With turnover, some Sixers become early veterans

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With turnover, some Sixers become early veterans

Thaddeus Young is just 25 years old. Yet, when the Sixers held 2013 media day at their practice facility on Friday, Young felt old.

Going into his seventh season -- all with the Sixers -- Young is playing for his fifth different coach, as well as seeing a fourth different person serve as the team’s general manager.

“I have been through a lot of coaches and a lot of players,” Young said. “It is a process that you try to get through -- another rebuilding process, so you have to have a lot of patience.”

Spencer Hawes spent his early NBA seasons playing for the Sacramento Kings, a team that was perpetually rebuilding.

“Going back to it (rebuilding), hopefully I have a different perspective,” Hawes said. “Everybody can talk about that but as players, that is not our mind set. If you listen to what people are saying, whether it is good or bad, it ends up being a distraction.”

In addition to patience, communication will be essential between head coach Brett Brown and his players, most of whom are very young and inexperienced.

“I think that was something Coach [Doug] Collins got away from his third year,” Young said. “His first and second year, he would listen to me, 'Dre ( Andre Iguodala), EB (Elton Brand), and let us dictate a lot of things on our own -- he was very good with that, and then for some reason went away from that and the communication wasn’t as good as it had been in the beginning. I am all about communication and you just telling me what is the plan, and Coach Brown has done that.”

The plan is to have a team that is the most fit and conditioned in the league (see story). Every team works on conditioning but the Sixers’ veteran players admit that Brown’s conditioning regimen is a notch above anything they have experienced in the past.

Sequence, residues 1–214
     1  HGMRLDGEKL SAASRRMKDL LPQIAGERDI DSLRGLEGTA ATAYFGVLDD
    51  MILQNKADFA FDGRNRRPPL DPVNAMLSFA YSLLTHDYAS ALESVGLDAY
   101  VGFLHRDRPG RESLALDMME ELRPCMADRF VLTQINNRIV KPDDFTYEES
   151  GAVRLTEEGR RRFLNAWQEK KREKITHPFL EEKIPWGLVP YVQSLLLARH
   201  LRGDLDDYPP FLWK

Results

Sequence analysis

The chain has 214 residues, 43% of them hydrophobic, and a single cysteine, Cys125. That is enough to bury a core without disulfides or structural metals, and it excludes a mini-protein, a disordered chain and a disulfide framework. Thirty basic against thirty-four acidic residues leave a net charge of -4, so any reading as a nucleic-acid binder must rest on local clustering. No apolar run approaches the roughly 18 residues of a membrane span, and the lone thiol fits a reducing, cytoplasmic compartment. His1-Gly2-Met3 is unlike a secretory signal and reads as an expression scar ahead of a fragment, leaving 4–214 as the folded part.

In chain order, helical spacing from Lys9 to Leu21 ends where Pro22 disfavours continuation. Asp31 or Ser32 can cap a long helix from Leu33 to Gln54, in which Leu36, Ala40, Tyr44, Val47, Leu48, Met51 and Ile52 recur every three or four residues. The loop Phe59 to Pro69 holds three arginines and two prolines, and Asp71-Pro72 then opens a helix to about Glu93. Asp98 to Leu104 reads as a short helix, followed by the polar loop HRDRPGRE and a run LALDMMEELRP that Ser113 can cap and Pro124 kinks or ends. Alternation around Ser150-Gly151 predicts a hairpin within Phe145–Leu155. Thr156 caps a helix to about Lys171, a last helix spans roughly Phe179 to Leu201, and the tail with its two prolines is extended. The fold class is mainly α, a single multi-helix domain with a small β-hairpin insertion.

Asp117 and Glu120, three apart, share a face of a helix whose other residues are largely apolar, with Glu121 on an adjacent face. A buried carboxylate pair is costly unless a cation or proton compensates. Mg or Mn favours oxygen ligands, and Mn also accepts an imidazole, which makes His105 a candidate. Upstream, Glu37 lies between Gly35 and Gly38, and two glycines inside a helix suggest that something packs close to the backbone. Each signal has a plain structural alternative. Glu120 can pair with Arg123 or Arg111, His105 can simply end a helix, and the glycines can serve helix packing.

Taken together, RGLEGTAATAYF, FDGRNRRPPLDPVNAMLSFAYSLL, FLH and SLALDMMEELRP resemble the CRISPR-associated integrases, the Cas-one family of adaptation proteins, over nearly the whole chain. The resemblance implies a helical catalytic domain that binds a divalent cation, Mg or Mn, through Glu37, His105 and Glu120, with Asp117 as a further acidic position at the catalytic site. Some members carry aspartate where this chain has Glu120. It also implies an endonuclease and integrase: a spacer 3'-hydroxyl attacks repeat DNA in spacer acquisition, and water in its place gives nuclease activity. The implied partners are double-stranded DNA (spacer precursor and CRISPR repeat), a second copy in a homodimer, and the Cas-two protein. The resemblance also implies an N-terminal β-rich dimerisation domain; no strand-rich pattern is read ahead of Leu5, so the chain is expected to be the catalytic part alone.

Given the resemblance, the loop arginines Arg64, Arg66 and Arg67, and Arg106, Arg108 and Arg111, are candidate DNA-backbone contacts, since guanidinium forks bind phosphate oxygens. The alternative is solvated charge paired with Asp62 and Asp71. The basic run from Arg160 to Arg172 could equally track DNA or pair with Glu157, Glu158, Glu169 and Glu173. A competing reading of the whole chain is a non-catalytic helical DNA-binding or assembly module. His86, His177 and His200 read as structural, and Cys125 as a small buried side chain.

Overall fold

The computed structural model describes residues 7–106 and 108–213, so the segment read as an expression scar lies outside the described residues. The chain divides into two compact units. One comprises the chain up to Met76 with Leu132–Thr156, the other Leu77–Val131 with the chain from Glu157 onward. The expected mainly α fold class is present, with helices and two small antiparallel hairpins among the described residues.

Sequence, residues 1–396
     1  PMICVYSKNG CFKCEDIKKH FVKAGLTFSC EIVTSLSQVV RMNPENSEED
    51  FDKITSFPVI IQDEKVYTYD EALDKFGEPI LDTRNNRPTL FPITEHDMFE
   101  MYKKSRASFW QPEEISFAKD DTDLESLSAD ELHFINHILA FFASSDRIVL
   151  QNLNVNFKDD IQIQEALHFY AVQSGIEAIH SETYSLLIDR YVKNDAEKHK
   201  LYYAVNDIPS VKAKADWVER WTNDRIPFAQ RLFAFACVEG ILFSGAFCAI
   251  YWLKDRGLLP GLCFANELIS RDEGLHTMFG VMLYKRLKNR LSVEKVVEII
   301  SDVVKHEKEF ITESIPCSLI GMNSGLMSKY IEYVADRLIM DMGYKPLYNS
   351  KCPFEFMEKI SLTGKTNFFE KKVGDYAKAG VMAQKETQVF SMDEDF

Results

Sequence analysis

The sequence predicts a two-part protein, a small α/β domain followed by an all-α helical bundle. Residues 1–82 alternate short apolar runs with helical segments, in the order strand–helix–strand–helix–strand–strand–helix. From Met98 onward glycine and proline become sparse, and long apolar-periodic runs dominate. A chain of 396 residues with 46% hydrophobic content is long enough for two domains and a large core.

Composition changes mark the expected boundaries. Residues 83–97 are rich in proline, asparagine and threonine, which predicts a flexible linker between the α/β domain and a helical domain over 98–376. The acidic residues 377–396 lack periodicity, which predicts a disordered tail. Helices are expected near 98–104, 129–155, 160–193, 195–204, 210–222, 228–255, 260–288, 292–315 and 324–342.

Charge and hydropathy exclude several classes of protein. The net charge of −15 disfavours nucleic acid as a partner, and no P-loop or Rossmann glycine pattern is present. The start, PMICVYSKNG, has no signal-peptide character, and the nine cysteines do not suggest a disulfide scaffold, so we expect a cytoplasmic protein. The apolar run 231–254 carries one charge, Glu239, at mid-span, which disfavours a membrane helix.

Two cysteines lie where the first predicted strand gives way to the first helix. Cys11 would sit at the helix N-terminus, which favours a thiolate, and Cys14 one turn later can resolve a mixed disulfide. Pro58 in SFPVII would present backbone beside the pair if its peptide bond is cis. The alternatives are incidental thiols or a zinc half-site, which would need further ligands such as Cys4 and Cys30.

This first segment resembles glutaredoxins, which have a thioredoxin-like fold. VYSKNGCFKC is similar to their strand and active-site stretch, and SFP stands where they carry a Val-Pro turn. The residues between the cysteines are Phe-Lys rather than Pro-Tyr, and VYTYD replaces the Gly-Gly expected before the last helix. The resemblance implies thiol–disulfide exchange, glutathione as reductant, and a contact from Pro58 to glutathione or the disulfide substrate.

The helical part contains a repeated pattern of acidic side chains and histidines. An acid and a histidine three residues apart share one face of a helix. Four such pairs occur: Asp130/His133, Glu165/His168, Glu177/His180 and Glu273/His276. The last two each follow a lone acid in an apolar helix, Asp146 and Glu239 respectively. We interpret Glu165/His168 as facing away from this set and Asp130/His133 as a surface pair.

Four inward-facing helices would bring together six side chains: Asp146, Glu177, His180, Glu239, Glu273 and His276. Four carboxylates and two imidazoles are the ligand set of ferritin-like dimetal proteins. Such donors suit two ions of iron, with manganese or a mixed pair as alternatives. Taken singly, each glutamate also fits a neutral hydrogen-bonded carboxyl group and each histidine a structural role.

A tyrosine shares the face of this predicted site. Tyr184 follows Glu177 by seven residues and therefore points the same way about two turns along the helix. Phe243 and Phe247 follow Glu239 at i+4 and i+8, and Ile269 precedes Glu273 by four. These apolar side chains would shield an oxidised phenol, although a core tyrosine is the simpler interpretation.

“I think the fitness is the biggest change of everything,” Young said. “Guys have never really worked this hard and haven’t seen how to work this hard and now they are putting in the time consistently. Guys are realizing what hard work and dedication to the game really is.”

“He is dead serious,” Evan Turner said when asked what he thought of Brown’s commitment to fitness. “Doug was dead serious too, but how he (Brown) plays, you have to be in shape because you are running, running, running. He is no different than any other old-school coach. Doug really preached conditioning and after you see what Brett does, you realize Doug wasn’t so crazy -- he knew what he was talking about.”

Each player had to pass a conditioning test prior to the team’s five-day training camp, which begins Saturday at Saint Joseph’s University.

Adjusting to new home, Ben Simmons plays role model at Sixers Camp

Adjusting to new home, Ben Simmons plays role model at Sixers Camp

WAYNE, Pa. — Three steps. 

That’s all it takes before Ben Simmons is recognized walking through the streets of Philadelphia. 

This year’s No. 1 pick has been in the spotlight long before the Sixers drafted him in June, and now he's experiencing what it's like to be known as an NBA player in his new city. 

“I’ve been enjoying walking around South Street, getting some Ishkabibble's,” Simmons said Tuesday after a special appearance at the Sixers' Camp at Valley Forge Military Academy. 

At 6-foot-10, Simmons towers above most on the court, let alone on the sidewalk. Fans have been eager to welcome him to Philadelphia for a new chapter of the organization after three years of struggle. 

“Positive things,” Simmons said of the comments he receives. “I think a lot of people are excited, so I’ve been looking forward to it.”

Simmons understands the impact a professional athlete can have on young fans, and was excited to be at camp Tuesday.

Growing up in Australia, he never had the opportunity to hear from NBA players when he attended basketball camps. Now that he's in that position, the 20-year-old was glad to provide that memory to the 240 campers. 

“That would mean a lot if I was able to experience that,” Simmons said.